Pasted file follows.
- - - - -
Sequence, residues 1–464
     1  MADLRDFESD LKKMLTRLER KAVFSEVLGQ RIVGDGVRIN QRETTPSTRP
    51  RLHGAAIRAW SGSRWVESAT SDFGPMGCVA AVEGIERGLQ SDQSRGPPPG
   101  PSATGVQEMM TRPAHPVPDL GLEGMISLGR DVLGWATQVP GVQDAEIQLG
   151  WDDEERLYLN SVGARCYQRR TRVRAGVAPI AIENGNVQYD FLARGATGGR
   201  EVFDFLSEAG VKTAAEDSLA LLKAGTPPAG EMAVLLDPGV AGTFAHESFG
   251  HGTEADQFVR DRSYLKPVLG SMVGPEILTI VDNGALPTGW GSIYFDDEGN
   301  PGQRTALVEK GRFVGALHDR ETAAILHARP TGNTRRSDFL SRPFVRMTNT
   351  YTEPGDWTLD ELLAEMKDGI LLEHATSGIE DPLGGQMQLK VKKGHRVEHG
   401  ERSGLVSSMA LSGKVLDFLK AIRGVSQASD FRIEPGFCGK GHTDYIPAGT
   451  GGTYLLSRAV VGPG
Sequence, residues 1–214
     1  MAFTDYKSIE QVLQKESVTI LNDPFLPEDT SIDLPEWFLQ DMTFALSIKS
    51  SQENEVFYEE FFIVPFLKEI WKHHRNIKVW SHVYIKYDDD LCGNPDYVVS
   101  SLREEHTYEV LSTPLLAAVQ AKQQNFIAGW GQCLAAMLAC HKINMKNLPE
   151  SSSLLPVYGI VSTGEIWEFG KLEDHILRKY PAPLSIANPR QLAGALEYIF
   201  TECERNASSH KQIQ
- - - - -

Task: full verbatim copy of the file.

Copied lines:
Sequence, residues 1–464
     1  MADLRDFESD LKKMLTRLER KAVFSEVLGQ RIVGDGVRIN QRETTPSTRP
    51  RLHGAAIRAW SGSRWVESAT SDFGPMGCVA AVEGIERGLQ SDQSRGPPPG
   101  PSATGVQEMM TRPAHPVPDL GLEGMISLGR DVLGWATQVP GVQDAEIQLG
   151  WDDEERLYLN SVGARCYQRR TRVRAGVAPI AIENGNVQYD FLARGATGGR
   201  EVFDFLSEAG VKTAAEDSLA LLKAGTPPAG EMAVLLDPGV AGTFAHESFG
   251  HGTEADQFVR DRSYLKPVLG SMVGPEILTI VDNGALPTGW GSIYFDDEGN
   301  PGQRTALVEK GRFVGALHDR ETAAILHARP TGNTRRSDFL SRPFVRMTNT
   351  YTEPGDWTLD ELLAEMKDGI LLEHATSGIE DPLGGQMQLK VKKGHRVEHG
   401  ERSGLVSSMA LSGKVLDFLK AIRGVSQASD FRIEPGFCGK GHTDYIPAGT
   451  GGTYLLSRAV VGPG
Sequence, residues 1–214
     1  MAFTDYKSIE QVLQKESVTI LNDPFLPEDT SIDLPEWFLQ DMTFALSIKS
    51  SQENEVFYEE FFIVPFLKEI WKHHRNIKVW SHVYIKYDDD LCGNPDYVVS
   101  SLREEHTYEV LSTPLLAAVQ AKQQNFIAGW GQCLAAMLAC HKINMKNLPE
   151  SSSLLPVYGI VSTGEIWEFG KLEDHILRKY PAPLSIANPR QLAGALEYIF
   201  TECERNASSH KQIQ